The Assembly Line Analysis

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The assembly line has historically been lauded for the success it brought to the auto industry, specifically during the production of the Model T built by the Ford Motor Company starting in 1908. What is often overlooked, however, is the human toll of this technological invention. Despite the exponential growth in efficiency and profit resulting from the assembly line and the higher employee wages that followed, worker satisfaction suffered. Frederick Taylor’s principles of “Scientific Management” were evident during the early years of the assembly line. Workers were increasingly seen as robots, and their only true measure of success was how much they could produce. As Taylor himself once stated, “in the past the man has been first; in …show more content…
Most prior advances in manufacturing had been achieved by applying specific changes to machines to make them more efficient This scientific approach, however, disregarded the human element, so that Taylor in effect changed the method of work from a relationship between worker and machine into a relationship between two machines (Taylor 110). Proponents of scientific management believed that workers wanted to be used efficiently, to perform their work with minimum effort, and to receive more money for that work (Herzberg 6). They also assumed that workers would submit to a rigid standardization of physical movements with no ability to change the processes. These improved “systems” discounted the human element and what motivated them, leaving the worker dissatisfied with his job.
Taylor’s theories ultimately inspired Henry Ford to revamp the way cars were being built through the division and subdivision of labor. Job tasks were simplified and the adoption of new technologies removed skill from ordinary work tasks. Workers were confined to a specific work station and waited for the car to be brought to them on an assembly line. They completed the same task, repeatedly, working at the pace of the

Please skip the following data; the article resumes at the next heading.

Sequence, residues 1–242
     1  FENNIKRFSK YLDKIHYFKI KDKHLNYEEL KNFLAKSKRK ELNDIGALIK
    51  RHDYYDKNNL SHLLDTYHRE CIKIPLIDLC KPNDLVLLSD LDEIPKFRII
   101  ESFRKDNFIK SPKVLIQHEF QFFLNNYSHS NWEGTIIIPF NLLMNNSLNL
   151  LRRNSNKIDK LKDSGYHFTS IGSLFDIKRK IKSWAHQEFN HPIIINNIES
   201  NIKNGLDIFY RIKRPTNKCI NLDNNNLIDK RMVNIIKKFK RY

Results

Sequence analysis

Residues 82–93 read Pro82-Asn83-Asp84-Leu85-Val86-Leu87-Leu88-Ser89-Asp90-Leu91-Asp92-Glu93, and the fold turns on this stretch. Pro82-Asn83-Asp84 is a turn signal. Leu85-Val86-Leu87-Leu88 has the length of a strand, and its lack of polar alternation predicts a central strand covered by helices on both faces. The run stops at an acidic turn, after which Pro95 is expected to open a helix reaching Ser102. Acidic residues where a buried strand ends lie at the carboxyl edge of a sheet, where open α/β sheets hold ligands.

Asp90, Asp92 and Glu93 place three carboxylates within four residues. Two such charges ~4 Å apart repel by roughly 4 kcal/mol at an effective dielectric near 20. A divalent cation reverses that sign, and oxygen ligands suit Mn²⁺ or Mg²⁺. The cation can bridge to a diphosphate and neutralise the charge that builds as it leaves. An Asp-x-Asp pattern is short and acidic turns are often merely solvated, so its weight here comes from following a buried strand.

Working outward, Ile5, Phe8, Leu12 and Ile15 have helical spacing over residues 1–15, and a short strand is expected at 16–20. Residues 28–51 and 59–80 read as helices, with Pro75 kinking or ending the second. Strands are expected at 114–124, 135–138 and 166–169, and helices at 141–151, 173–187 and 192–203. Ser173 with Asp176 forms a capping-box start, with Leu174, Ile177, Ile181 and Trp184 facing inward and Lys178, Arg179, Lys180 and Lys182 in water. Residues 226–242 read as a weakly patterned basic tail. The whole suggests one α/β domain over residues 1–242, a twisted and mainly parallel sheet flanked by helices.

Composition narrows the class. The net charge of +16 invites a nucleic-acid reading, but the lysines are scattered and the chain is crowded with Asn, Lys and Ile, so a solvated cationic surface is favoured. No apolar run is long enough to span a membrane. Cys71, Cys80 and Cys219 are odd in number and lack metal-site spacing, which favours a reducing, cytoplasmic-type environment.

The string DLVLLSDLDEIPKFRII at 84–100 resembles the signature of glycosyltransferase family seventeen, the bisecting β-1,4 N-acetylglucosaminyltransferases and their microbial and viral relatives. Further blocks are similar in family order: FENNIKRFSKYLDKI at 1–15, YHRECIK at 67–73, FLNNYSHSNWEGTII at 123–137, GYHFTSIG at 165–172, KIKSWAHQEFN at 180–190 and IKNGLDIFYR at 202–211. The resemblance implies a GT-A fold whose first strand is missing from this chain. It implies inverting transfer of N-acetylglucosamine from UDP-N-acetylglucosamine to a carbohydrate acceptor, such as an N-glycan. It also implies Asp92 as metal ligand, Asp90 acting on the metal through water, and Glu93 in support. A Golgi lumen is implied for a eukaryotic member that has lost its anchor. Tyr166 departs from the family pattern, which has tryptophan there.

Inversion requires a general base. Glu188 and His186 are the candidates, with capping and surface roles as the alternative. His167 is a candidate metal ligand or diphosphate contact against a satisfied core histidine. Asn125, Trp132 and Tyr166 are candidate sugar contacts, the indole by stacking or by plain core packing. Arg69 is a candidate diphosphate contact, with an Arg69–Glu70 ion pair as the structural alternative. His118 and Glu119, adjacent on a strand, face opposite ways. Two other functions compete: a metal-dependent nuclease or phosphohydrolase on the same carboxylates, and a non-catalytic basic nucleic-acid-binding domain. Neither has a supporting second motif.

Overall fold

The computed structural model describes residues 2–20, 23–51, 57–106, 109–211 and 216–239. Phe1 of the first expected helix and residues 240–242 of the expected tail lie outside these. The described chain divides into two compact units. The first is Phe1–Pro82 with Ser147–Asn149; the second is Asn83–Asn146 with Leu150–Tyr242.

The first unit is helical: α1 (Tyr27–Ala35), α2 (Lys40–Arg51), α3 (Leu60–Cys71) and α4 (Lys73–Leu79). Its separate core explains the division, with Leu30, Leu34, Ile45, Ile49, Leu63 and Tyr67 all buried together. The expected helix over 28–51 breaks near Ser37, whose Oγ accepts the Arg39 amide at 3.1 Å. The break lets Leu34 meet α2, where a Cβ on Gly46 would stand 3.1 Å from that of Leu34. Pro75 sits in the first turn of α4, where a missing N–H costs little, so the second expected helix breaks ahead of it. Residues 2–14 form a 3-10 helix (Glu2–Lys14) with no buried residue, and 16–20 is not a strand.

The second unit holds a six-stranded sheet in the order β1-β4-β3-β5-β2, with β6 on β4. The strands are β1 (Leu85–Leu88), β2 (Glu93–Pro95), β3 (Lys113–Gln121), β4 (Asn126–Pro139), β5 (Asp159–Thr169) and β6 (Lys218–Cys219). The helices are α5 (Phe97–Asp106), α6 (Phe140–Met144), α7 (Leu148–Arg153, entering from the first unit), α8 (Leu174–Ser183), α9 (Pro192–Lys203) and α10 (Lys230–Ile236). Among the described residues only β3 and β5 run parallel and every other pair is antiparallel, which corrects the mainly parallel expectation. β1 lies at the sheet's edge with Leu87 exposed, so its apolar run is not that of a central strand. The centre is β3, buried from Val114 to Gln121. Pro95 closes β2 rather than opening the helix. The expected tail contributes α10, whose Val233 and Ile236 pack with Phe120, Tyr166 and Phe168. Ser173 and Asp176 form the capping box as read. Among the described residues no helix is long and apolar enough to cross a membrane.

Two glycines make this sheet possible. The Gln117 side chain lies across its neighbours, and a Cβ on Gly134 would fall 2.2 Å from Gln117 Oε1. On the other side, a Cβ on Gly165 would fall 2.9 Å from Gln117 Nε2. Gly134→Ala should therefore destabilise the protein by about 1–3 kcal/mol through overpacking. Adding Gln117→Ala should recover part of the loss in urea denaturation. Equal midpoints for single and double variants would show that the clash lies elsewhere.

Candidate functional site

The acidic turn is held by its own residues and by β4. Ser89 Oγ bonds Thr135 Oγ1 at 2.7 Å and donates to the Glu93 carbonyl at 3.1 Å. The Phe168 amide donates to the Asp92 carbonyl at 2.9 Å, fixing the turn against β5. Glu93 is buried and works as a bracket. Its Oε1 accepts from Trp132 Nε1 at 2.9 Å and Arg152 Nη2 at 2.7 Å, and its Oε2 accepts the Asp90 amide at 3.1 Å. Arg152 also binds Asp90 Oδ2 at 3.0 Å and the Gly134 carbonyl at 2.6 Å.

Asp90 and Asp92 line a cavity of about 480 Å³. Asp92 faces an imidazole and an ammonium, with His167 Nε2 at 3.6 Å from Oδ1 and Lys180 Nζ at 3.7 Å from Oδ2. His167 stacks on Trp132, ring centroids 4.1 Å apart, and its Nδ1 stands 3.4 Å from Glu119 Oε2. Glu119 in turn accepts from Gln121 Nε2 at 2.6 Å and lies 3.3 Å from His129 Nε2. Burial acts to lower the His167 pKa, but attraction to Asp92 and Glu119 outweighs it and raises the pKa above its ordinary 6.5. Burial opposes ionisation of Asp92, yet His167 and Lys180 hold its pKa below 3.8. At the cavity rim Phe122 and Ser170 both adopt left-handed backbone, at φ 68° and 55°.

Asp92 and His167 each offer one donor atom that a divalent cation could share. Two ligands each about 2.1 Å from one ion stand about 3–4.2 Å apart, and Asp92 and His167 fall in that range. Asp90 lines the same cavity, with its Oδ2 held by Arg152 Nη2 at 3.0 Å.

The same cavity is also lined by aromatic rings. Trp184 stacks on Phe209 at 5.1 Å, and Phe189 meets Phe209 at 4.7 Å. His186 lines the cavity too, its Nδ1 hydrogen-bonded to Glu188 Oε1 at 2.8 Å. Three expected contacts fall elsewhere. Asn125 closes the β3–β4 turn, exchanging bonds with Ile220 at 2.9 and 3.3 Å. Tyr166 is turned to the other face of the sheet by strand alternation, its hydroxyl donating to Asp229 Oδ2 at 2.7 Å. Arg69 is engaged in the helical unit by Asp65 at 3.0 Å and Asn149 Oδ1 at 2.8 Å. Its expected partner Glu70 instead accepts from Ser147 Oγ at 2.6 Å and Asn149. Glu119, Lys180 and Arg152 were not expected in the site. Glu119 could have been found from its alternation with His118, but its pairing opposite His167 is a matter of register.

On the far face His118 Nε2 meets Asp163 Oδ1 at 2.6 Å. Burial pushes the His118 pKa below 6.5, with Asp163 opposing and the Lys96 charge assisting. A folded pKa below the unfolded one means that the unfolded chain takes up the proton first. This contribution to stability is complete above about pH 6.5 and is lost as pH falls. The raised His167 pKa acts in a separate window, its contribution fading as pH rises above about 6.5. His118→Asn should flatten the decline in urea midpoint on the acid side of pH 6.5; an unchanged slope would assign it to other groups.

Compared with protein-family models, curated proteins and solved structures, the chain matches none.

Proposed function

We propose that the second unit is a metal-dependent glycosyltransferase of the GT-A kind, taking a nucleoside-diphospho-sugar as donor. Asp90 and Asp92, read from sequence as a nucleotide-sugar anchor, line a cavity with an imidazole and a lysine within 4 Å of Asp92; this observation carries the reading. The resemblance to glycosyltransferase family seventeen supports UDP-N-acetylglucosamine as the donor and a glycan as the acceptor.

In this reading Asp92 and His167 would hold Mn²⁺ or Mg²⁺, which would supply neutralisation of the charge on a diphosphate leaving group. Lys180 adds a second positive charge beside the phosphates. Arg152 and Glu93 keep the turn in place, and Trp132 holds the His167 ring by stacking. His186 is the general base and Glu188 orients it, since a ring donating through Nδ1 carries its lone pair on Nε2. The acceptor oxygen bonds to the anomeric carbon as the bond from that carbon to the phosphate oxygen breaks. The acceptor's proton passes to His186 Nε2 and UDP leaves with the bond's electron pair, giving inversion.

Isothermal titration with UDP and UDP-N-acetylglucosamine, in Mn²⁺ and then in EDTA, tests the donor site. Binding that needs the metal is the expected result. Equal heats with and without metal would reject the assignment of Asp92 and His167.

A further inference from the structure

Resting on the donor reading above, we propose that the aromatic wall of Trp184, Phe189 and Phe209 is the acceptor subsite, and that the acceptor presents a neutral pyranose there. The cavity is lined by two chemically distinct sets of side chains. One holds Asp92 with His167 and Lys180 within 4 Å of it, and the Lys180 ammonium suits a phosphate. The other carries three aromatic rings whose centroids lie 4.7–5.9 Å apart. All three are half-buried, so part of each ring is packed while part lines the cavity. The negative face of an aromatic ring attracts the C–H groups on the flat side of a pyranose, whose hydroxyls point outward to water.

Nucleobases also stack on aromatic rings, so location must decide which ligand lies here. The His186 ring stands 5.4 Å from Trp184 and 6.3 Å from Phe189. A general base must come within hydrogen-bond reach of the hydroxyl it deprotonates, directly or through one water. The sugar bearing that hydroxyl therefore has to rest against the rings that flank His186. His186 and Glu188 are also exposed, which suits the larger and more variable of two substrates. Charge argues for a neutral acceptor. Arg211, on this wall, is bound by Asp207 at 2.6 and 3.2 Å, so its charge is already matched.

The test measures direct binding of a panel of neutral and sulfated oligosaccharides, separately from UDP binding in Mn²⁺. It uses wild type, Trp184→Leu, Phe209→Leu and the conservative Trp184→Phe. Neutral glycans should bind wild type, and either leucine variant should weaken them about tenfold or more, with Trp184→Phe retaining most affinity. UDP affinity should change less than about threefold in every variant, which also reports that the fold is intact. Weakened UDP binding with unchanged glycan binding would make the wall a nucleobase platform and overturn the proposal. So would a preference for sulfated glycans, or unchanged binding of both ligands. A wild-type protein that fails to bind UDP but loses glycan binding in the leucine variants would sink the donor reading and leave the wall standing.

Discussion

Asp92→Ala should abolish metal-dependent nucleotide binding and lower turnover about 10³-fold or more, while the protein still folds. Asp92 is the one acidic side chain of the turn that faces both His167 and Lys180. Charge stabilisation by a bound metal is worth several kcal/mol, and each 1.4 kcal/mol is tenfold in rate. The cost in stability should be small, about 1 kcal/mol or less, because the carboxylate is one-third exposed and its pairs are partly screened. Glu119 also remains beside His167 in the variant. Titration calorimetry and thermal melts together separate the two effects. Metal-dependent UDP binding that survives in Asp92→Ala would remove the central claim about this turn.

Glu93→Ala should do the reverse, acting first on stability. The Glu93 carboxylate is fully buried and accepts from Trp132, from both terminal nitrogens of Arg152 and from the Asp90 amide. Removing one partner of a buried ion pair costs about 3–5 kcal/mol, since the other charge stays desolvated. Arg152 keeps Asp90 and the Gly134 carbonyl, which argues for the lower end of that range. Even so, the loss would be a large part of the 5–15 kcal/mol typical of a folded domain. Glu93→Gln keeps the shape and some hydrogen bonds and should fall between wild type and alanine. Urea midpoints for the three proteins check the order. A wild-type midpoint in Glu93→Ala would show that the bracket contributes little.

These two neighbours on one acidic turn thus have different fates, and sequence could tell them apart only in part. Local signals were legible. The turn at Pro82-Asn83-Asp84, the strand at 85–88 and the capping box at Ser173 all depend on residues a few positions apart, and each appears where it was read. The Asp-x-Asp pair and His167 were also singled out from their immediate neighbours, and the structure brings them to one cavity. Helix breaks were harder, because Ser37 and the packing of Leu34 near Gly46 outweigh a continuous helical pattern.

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By 1917 the Ford highland Park factory consisted of 55% unskilled workers (Meyer 4). Prior to the assembly line the building of the automobile required the services of highly skilled men. The automation and specification of job processes eliminated the need for certain skill sets. The machines took over the “thinking” and required minimal input from the workers themselves. The need for this new “unskilled” workforce drew many foreign-born workers to the factory. In 1914 foreign-born workers accounted for 75% of the 14,000 workers at the Highland Park factory (Meyer 3). With the innovation of the assembly line and the changing workforce that accompanied it, a morale problem developed within the rank and file factory worker. In 1913, daily absenteeism averaged 10% per day, yielding a yearly labor turnover rate of 370 percent. With the increased rates of absenteeism Ford was forced to hire an additional 1,300-1,400 extra workers to keep up with the demands of manufacturing the Model T (Meyer

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